From The Editors: August 31, 2016
Erie at the center of 'today's American Idea'.
By now, there's a good chance you've heard that Erie made a national headline recently. And for once, it had nothing to do with a pizza bomber.
James Fallows, a national correspondent for The Atlantic, spent a week here in late August, just after a certain nationally-infamous news-getter spoke at Erie Insurance Arena. Fallows addresses the candidate's speech – and other observances he and his wife, Deb, made while in Erie – in an Aug. 25 post on The Atlantic's website.
"[Trump] appeared not to be aware that GE was shifting these jobs not to China or Mexico or some other overseas 'unfair trader' locale but instead, mainly to Fort Worth, Texas," Fallows writes. "He might also not have been aware that Erie has long prided itself on being a resettlement center for refugees like those he was warning about, including groups recently arriving from Syria."
Fallows uses visits by Trump and Sen. Pat Toomey as a starting point, but is quick to clarify that "even if no candidates had been [in Erie], the connection between local and national politics would still have been evident, because almost every issue of large-scale national consequence is playing out in this challenged, medium-sized city."
And just as we've maintained right along, Fallows emphasizes the critical role of citizen perception in shaping a region's future.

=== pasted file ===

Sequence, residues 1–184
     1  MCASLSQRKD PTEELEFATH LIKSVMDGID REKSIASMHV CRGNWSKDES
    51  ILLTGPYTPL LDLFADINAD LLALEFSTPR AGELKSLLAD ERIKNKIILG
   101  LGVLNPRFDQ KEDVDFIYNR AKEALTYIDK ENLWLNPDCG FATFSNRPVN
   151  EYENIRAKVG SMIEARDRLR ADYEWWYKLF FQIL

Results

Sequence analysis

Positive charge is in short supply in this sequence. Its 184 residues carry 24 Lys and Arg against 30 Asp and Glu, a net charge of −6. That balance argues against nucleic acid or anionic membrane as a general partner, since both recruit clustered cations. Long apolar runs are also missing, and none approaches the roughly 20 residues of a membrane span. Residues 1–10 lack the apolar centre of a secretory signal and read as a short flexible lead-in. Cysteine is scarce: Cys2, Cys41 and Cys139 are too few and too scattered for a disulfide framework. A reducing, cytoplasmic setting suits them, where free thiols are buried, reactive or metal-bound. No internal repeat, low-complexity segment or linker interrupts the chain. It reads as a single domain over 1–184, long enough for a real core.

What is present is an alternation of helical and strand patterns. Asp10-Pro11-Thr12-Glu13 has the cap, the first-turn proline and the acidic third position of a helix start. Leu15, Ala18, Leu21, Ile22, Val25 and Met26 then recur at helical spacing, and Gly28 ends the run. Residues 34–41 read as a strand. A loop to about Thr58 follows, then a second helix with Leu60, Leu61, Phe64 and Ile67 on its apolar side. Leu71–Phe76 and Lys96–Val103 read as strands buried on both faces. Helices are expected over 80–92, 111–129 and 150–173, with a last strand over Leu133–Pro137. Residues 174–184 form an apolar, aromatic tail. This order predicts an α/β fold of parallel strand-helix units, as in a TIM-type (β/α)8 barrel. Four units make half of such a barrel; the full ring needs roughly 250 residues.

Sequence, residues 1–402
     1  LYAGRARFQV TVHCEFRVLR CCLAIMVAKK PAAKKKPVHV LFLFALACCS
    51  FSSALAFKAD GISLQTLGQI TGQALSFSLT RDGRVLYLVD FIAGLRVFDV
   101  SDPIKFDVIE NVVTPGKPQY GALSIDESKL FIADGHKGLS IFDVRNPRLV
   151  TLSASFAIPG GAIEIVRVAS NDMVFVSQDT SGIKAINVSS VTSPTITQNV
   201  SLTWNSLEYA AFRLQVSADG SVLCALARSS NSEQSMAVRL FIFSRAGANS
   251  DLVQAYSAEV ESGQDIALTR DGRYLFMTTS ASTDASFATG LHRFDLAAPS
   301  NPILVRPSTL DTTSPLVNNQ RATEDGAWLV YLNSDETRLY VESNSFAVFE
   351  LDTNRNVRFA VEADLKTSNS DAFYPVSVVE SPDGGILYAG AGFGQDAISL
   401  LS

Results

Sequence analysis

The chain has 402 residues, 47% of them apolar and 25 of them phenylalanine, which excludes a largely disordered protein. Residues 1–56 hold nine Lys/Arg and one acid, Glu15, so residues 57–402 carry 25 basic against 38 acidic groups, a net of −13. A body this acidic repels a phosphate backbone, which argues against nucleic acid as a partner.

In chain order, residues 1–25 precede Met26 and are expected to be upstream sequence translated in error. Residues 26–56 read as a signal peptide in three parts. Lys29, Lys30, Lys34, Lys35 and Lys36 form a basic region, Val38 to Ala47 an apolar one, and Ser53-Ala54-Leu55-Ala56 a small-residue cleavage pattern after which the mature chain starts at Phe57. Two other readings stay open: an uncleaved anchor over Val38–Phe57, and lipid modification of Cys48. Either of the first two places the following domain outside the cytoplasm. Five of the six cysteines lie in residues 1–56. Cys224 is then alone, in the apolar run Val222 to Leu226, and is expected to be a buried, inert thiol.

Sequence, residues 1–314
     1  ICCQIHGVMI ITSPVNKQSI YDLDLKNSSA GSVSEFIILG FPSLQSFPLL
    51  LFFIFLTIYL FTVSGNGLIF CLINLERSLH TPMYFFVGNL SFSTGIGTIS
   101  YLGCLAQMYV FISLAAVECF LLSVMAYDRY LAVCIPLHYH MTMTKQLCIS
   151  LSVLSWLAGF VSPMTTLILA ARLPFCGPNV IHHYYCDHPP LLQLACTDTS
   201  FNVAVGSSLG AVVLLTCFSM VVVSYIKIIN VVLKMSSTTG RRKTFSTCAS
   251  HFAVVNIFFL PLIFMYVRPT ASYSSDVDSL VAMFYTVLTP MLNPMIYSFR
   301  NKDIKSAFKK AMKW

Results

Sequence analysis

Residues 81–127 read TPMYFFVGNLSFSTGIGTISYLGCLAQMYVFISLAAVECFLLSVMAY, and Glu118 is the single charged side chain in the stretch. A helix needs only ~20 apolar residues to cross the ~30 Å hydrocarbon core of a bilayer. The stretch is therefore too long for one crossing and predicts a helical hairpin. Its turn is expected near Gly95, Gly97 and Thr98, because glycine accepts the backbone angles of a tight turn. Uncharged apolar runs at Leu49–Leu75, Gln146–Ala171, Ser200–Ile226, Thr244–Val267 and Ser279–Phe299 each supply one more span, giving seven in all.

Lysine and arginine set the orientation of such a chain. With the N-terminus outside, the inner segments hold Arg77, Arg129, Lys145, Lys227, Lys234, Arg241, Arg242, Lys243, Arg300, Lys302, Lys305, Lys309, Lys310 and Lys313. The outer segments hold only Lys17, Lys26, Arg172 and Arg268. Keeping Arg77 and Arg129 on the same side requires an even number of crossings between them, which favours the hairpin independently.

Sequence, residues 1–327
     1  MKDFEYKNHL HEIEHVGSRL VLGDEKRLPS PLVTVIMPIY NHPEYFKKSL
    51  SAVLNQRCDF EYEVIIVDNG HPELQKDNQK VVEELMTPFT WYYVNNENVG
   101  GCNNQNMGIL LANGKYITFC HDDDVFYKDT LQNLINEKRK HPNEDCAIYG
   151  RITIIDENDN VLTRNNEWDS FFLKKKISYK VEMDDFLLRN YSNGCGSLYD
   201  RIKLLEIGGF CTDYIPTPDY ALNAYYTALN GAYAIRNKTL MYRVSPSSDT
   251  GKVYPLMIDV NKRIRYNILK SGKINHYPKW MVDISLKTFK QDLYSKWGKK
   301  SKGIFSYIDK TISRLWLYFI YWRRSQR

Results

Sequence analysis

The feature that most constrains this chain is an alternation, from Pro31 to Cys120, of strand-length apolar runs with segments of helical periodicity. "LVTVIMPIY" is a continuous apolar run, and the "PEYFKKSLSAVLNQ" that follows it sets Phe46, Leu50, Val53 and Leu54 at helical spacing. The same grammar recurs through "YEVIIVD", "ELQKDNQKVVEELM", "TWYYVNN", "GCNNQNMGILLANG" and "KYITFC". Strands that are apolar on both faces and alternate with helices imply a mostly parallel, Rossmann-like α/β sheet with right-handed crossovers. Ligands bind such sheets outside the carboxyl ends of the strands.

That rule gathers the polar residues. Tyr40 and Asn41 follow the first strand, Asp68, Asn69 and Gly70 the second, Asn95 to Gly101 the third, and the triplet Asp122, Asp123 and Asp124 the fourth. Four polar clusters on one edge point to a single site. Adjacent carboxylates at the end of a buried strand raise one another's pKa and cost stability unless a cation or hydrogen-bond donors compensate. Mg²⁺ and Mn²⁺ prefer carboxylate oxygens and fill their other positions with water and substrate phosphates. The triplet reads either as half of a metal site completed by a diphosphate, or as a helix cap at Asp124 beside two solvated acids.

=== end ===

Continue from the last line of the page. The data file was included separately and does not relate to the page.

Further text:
"A negative image of a region and its possibilities has been an important background factor, and sometimes a motivator, in many places we have reported from," he writes. "That's true in 'Dreary Erie' and other cities in the Buffalo-Erie-Cleveland-Detroit arc as well, and for some of the people there.
"For other people," he continues, "it looks different: For example, some of the software and tech entrepreneurs we saw at the Radius CoWork space in downtown Erie."
That Fallows chronicles many of the same inspiring folks we've spotlighted does our hearts good, of course. The change-makers in our region deserve all the fanfare they can get, and we're proud to do our part.
In our last issue, we featured Velocity Network's coming move to the Rothrock Building downtown as a benchmark on "The Path to Innovation."
Fallows likewise recognizes the significance of Velocity's move, and quotes CEO Joel Deuterman in his piece: "'When I was younger, I thought that business was a kill-or-be-killed proposition,' Deuterman, who is now in his early 50s, told us. 'I came to realize that if I did things with an awareness of the common good, the benefits would also come back to me, and with a heck of a lot less effort.'"
Fallows concludes his initial assessment by reasserting the importance of perspective, belief, and the courage and willingness to act with that same awareness of the common good that Deuterman describes.
"The real point for now is how stark we found the contrast: on the one hand, the flattened terms – 'angry,' 'resentful,' 'hopeless' – the language of media and politics used to describe America in general; on the other hand, the engaged, changing realities people understand about the places where they actually live," he writes. "The point may sound banal, but it has consequences."
Fallows encouragingly reports that in Erie, he has found people "trying to … improve their individual and collective futures, and generally to behave as if they are actors in their own dramas, rather than just being acted-upon. Being active, rather than passive, is one working definition of today's American Idea."
An idea whose time has surely come.